Thesis

Examining educational achievement of children in foster care: perceptions of common challenges, supportive strategies, identifying skill sets, and literacy development

Previous studies on children in foster care have focused on the deficits that result from participating in the foster care system, such as the prevalence of developmental delays, instances of abuse, and difficulties that arise in the schooling systems. This study examines children in foster care from a perspective that looks for skills they have, and seeks strategies that can better support children in foster care in the acquisition of early literacy skills. Data was gathered using qualitative interviews of teachers, social workers, foster parents, a school psychologist, and a Foster Care Liaison. The voices of the participants were essential in uncovering qualities that children in foster care possess, a perspective that is often left out in prior quantitative research.
 Common challenges facing children in foster care that has been documented in previous research is confirmed in this study. This includes frequent moving that causes gaps in learning, a lack of educational accountability, discussion of confidentiality as a barrier to providing academic supports, and the prevalence of emotional trauma. This study found that the biological household of children in foster care may be impoverished, and does not reflect values that prepare children for success in early literacy experiences at school. Strategies recommended to fill in the learning gaps included implementing a clear and consistent routine, holding high educational expectations, exposing children in foster care to literacy experiences with literature, and the use of assessment and tutoring.
 This study recommends that educational law protecting children in foster care be expanded to include platforms for participants to communicate and share resources, such as the use of an Individualized Education Plan (IEP). The results indicate the use of the Foster Care Liaison should be expanded to better meet the needs of children in foster care. Traditional teaching methods were not found to be effective for use with children in foster care, and this study recommends exploring more student-centered approaches to literacy instruction. The expansion of resources and change in teaching methods calls for changes in district and public policy, as well as increased funding.

Previous studies on children in foster care have focused on the deficits that result from participating in the foster care system, such as the prevalence of developmental delays, instances of abuse, and difficulties that arise in the schooling systems. This study examines children in foster care from a perspective that looks for skills they have, and seeks strategies that can better support children in foster care in the acquisition of early literacy skills. Data was gathered using qualitative interviews of teachers, social workers, foster parents, a school psychologist, and a Foster Care Liaison. The voices of the participants were essential in uncovering qualities that children in foster care possess, a perspective that is often left out in prior quantitative research. Common challenges facing children in foster care that has been documented in previous research is confirmed in this study. This includes frequent moving that causes gaps in learning, a lack of educational accountability, discussion of confidentiality as a barrier to providing academic supports, and the prevalence of emotional trauma. This study found that the biological household of children in foster care may be impoverished, and does not reflect values that prepare children for success in early literacy experiences at school. Strategies recommended to fill in the learning gaps included implementing a clear and consistent routine, holding high educational expectations, exposing children in foster care to literacy experiences with literature, and the use of assessment and tutoring. This study recommends that educational law protecting children in foster care be expanded to include platforms for participants to communicate and share resources, such as the use of an Individualized Education Plan (IEP). The results indicate the use of the Foster Care Liaison should be expanded to better meet the needs of children in foster care. Traditional teaching methods were not found to be effective for use with children in foster care, and this study recommends exploring more student-centered approaches to literacy instruction. The expansion of resources and change in teaching methods calls for changes in district and public policy, as well as increased funding.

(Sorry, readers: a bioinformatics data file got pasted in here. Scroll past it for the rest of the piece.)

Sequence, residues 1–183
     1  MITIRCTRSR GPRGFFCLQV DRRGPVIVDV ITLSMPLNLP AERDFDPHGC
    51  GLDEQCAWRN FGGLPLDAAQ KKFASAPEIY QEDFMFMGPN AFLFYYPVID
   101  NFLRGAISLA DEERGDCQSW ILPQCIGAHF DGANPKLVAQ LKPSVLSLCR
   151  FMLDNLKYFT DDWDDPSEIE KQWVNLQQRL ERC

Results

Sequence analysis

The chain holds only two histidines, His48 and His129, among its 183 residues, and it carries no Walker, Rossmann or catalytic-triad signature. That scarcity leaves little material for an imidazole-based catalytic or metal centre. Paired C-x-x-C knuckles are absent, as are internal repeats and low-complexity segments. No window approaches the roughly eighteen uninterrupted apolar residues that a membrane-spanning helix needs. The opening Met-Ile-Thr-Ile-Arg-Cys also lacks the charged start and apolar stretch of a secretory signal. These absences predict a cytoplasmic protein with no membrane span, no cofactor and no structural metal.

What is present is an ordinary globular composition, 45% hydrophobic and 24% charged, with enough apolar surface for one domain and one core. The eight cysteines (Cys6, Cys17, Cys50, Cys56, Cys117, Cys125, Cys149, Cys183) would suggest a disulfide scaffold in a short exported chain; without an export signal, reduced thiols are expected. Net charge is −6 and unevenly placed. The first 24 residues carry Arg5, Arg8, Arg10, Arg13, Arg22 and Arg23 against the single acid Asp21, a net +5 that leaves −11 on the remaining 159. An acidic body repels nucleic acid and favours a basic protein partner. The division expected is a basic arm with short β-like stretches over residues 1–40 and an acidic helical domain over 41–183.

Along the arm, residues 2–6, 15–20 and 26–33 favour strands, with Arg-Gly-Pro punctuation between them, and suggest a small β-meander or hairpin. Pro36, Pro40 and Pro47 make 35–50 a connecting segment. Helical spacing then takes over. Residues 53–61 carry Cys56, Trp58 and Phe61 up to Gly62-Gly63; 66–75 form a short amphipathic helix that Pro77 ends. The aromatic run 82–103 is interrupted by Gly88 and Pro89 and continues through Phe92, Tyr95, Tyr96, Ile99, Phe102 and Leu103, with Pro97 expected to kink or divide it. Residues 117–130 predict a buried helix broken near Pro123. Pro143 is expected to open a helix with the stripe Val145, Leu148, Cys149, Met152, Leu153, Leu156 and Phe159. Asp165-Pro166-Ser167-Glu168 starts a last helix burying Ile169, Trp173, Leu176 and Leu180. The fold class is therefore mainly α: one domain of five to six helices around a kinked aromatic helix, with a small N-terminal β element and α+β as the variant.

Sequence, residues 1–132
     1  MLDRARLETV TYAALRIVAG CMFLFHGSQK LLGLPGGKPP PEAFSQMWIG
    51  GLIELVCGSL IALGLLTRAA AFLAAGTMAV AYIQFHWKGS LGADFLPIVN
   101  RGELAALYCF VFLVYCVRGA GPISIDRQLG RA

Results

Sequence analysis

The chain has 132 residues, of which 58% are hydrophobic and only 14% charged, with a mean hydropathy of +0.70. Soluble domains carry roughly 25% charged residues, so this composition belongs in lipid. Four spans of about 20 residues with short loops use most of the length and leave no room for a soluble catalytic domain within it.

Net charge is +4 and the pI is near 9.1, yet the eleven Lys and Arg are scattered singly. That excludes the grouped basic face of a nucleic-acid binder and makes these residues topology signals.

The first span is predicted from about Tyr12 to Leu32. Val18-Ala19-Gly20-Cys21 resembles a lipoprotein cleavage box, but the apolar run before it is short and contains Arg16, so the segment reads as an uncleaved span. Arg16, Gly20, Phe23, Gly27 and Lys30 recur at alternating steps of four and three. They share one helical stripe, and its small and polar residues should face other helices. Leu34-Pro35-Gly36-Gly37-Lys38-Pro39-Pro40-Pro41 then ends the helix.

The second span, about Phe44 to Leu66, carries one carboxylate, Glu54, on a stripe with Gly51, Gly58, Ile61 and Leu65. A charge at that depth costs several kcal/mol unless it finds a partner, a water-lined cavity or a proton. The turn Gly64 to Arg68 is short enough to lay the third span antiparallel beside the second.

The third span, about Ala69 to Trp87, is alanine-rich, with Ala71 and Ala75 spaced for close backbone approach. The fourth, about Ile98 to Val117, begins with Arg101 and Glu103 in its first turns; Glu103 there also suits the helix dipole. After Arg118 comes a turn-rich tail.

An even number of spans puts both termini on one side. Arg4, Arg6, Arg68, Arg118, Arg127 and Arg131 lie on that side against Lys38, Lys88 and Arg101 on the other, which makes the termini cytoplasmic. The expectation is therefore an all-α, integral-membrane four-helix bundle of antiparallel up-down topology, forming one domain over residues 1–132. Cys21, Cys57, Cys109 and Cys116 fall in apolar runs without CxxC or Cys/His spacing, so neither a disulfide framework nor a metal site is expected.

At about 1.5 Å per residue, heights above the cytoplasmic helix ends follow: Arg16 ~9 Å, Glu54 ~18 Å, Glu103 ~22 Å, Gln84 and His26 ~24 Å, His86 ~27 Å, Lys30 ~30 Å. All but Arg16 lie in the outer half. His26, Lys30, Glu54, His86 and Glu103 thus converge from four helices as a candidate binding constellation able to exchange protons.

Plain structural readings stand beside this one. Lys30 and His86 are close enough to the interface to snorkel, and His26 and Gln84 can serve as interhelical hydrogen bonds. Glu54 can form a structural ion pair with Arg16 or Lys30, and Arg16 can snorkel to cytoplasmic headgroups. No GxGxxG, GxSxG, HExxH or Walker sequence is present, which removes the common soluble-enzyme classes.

Relationships

Items